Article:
This is a brief guide to the world of Linux distributions, primarily
aimed at individuals who are new to the Linux scene, and who are
thinking about taking the plunge
and trying Linux for the first time. To set the scene, let's
start with a very brief history of the origins of Linux.
The Linux kernel was started by Linus Torvalds in 1991, who was at the
time studying at the University of Helsinki. Linux was
intended to be a replacement for Minix, an operating system designed
for educational purposes. One of the most important
made by Linus was the licensing agreement that the kernel was released
under, the GNU General Public License (GPL). Using the GPL
that the programming code was freely-distributed and available to the
general public. This in turn encouraged thousands of
to submit their own contributions to the code. It is
that 1.5-2% of the kernel has been written by Linus
What is a Linux
If you follow the IT press, you probably have heard of some Linux
companies such as Red Hat, Mandriva, SuSE, and Debian. These
all organisations that have created their own 'distributions' (often
known as distros) of Linux.
A Linux distribution is more than just the kernel itself.
A typical desktop Linux distribution consists of various software
components including the Linux kernel, the GNU toolchain, and a
collection of free and open source software, such as office suites,
email clients, web browsers, instant messaging, graphics editors, video
and more. This software is released in both binary and source
code form, the former of which is code that the computer can
understand, the latter what humans can read. Having the
code released under a GPL license means that other developers can
legally modify the
software, thereby providing a mechanism where the community can
contribute to the development of the software components.
most distributions there is often some proprietory software included
where the source code may not be released. This may be due to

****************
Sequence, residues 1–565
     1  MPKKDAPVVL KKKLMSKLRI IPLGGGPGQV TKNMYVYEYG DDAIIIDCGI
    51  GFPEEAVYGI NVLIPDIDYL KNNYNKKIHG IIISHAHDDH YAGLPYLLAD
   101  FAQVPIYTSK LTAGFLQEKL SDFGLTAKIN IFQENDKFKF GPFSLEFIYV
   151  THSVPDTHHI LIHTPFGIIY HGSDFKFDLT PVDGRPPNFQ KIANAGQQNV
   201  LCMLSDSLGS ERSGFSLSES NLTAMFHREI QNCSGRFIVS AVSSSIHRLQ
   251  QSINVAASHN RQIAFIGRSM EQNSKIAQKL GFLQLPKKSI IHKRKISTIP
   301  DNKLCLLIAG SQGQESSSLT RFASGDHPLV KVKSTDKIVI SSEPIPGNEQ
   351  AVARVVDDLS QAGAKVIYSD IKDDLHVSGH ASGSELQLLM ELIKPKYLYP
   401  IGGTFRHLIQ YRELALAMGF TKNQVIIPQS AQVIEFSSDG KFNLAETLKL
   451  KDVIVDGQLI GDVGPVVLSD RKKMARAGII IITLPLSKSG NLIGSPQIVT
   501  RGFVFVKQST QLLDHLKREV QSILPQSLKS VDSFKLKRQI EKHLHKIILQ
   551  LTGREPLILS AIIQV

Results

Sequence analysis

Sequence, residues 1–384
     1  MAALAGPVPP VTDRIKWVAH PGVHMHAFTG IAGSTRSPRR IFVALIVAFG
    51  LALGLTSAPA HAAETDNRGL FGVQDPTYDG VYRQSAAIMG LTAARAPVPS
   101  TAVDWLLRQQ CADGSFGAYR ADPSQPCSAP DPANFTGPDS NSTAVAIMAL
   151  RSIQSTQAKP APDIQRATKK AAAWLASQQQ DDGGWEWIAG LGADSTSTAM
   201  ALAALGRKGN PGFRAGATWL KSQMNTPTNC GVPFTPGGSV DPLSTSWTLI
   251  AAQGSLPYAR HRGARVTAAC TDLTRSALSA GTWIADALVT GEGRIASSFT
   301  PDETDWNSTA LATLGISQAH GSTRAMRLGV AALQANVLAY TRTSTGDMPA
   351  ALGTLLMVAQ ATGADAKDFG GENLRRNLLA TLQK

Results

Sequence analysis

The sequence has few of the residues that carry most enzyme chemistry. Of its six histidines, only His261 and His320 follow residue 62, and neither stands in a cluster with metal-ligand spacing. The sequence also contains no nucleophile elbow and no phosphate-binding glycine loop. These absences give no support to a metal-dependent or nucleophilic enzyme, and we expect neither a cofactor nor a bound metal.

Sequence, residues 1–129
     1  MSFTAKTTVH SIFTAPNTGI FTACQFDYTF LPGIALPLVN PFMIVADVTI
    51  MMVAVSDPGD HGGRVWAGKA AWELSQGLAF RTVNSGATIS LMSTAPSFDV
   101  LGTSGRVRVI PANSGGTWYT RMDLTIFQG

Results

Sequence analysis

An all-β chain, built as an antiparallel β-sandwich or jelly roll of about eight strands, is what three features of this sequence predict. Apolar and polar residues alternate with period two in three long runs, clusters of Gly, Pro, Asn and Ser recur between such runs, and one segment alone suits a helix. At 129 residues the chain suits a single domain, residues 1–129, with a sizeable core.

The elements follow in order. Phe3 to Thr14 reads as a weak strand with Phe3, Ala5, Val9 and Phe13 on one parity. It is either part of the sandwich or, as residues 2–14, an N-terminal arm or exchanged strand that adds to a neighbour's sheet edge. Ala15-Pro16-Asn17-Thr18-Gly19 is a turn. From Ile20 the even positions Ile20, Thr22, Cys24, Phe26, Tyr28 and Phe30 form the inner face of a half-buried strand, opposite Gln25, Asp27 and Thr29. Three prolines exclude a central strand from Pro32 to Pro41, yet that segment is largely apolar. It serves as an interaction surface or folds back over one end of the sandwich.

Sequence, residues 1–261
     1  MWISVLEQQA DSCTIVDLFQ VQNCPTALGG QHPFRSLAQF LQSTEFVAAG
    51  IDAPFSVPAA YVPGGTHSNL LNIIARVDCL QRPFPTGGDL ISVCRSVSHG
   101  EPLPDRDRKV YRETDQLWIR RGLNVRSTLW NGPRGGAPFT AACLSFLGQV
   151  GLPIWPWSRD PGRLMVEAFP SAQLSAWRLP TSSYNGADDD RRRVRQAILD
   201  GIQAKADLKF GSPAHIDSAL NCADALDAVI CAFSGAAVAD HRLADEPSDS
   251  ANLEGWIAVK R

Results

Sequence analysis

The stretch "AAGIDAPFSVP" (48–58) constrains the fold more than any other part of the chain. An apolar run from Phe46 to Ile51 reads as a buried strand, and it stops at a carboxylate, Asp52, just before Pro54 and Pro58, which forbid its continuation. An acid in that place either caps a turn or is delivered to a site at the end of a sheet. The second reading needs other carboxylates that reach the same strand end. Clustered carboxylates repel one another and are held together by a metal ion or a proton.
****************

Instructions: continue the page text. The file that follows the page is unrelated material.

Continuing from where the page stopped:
patent and licensing restrictions.
There are in excess of 700 linux distributions available, of
which more than half currently are being actively developed.
However, try not to be daunted by this vast number. This huge
number is partly a reflection of the fact that there is no barrier
preventing an individual or organisation from creating their own
distribution. Many distros were started simply because an
felt that none of the existing distros met his specific
requirements. Furthermore, many of the distros are derived
one of the 'major' distros, sharing the same base, even sometimes being
released at the same time. To illustrate, let's take the
Debian distribution. The following distributions are all
GNUstep, Symphony OS, Ubuntu
(see list below), and Xandros.
DeveLinux, Dreamlinux, Elive,
(see list below),
Morphix, Parsix, and sidux.
BeatrIX Linux, LinEx, Loco Linux, NepaLinux, PingOO, Sun Wah RAYS LX,
Tuquito, and Trisquel.
Additionally, some of these 'derived' distros have themselves also
spawned a whole raft of other distributions.
List of Distribtions
based on Knoppix:
Barnix, Bioknoppix, ClusterKNOPPIX, Clusterix, Condorux, CosmoPBX, Damn
Small Linux, Danix, Dappix, DCC/Live, Dinux, distccKNOPPIX,
DistccPPCKnoppix, emKnoppix, FCCU GNU/Linux Forensic Boot CD,
eduKnoppix, Feather Linux, FREEDUC, GIS-Knoppix, grml,
Instant-Grid, Julex, Kazit, KernelKit, knopILS, Knoppel, Knoppix 64,
Knoppix-Mib, Kalango, Knosciences, Kuliax, Kurumin, Lin4Astro, Local
Area Security Knoppix, Linux Live Game Project, Luit Linux, Medialinux,
Mentoppix, Musix, Myrinix, NordisKnoppix, OGo Knoppix CD, Overclockix,
PaiPix, ParallelKnoppix, Parsix, Paipix, Penguin Sleuth Bootable CD,
Quantian, ROSLIMS, Shabdix, SLYNUX, StreamBOX-LiveCD, Toophpix,
Vigyaan, Vital Data Forensic or Rescue Kit (FoRK), Xarnoppix, Xfld,
List of Distributions
based on Ubuntu:
CE (all official derivations);
andLinux, Elbuntu, Fluxbuntu, gNewSense, Gnoppix, Hiweed, Impi Linux,
Linux for Clinics, LinuxMCE, nUbuntu, Scibuntu, Uberyl, Ubuntu Lite,
Ubuntu Stunio, and XUbuntu.
Phew! As you can see, over 100 distributions are based on Debian
Take a look at the Linux distro timeline below (clicking on the graphic
will make it readable). This timeline gives you an accurate
representation of when distros were launched, and when other distros
were spawned from their parent distribution.
Page: What are the differences between Distributions?
are the differences between Distributions?
other factors might influence my choice of Distribution?
what Distribution should I use?
Last Updated Sunday, March 23 2008 @ 05:32 AM EST